We live in an accomplishment oriented society, where we’re always receiving messaging about doing more, being more, and accomplishing more. Those 30 under 30 lists are always out there reminding us of the belief that if you haven’t made it by 30, you’re behind. And many of us, including me, have been impacted by this false belief. There’s nothing wrong with wanting to achieve. It’s when we feel as if our accomplishments define our value or determine the significance of our lives that it becomes out of balance.
I’ve definitely gotten caught up in judging myself for not having done more, not having met certain goals or not having achieved certain dreams by now. I never made an album, I haven’t published a book yet. I haven’t written a play yet. But in looking at what I feel I haven’t done I’ve negated what I have. It’s natural to feel disappointed with the goals we’ve held on to for a long time but never finished. But it’s not fair to us to ignore what we have achieved, and more importantly, who we’ve become. I’ve finally begun to make that shift.
A great counselor I worked with told me about the concept of “your resume vs. your eulogy”. What you’ve done is important and valid, but who you are is the thing that truly defines you. We all know people who’ve done a lot in life, but more than likely what sticks with us is the person they are and how they’ve treated us and those around them. So instead of counting accomplishments, it may be more helpful in the long run, to start giving yourself credit for the person you’ve grown into. Instead of looking at your life in terms of what you’ve been able to check off your “to-do list”, or all the things you’ve haven’t yet, it might be more gratifying to look at how much you’ve grown and who you’ve become. Your character and how you navigated the world and all its ups, downs, beauty and barriers is what will be remembered.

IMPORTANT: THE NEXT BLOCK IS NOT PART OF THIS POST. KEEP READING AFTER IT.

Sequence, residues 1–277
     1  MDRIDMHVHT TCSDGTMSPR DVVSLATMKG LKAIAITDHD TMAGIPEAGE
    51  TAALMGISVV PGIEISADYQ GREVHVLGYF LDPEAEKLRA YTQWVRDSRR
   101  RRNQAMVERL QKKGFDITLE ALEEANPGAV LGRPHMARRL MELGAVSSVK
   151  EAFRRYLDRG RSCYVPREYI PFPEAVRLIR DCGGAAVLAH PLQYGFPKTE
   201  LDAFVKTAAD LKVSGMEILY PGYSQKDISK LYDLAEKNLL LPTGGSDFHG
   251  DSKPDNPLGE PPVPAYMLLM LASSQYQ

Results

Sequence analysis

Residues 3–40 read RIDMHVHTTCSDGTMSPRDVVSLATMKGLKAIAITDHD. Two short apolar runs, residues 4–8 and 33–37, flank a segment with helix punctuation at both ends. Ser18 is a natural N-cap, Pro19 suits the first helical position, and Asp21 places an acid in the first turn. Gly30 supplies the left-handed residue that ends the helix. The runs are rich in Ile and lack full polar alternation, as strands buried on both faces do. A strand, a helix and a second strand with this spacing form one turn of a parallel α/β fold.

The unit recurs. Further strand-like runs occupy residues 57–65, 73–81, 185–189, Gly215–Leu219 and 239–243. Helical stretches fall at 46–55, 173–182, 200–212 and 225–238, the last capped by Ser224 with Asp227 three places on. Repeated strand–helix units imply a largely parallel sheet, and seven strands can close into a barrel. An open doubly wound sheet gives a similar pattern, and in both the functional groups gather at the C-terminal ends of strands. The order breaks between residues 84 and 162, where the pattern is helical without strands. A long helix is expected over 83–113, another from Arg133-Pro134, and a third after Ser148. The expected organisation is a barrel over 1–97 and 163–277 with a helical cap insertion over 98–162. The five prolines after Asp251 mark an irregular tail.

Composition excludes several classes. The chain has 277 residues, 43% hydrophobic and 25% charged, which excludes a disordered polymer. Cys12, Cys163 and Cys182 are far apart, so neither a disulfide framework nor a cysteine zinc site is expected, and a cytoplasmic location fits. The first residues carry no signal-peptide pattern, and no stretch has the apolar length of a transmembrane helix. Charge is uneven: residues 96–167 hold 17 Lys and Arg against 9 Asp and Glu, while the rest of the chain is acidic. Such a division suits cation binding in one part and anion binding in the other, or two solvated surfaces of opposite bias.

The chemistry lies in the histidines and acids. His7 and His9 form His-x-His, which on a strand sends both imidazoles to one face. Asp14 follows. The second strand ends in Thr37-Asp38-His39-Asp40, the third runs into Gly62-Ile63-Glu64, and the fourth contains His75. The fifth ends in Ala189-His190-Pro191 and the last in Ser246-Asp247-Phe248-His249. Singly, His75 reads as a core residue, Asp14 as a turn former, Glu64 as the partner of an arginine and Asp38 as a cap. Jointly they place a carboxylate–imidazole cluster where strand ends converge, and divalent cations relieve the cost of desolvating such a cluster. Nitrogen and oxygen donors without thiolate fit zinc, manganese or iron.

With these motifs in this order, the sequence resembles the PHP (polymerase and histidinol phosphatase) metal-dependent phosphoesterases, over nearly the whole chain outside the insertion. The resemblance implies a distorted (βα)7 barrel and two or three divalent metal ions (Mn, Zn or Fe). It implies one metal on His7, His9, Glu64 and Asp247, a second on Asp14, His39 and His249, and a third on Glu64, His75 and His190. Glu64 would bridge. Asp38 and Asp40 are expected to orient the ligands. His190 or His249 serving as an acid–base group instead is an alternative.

So the next time you’re tempted to recall all that you haven’t accomplished, here are a few things to keep in mind.
Remember all you’ve survived.
Remember the strength you’ve developed that allows you to get up when you get knocked down.
Remember all the times you moved forward when you wanted to quit.
Remember all the times you’ve been committed to showing kindness when it was hard.
Remember how you’ve stood up for yourself and others even when you were afraid.
Remember how brave you’ve been and taken risks even if they didn’t work out as planned.
Remember when you held on to your integrity even when it cost you something.
These things, and anything else you’d add to this list matter. The person you have become is an accomplishment, and that matters.
As always, be well.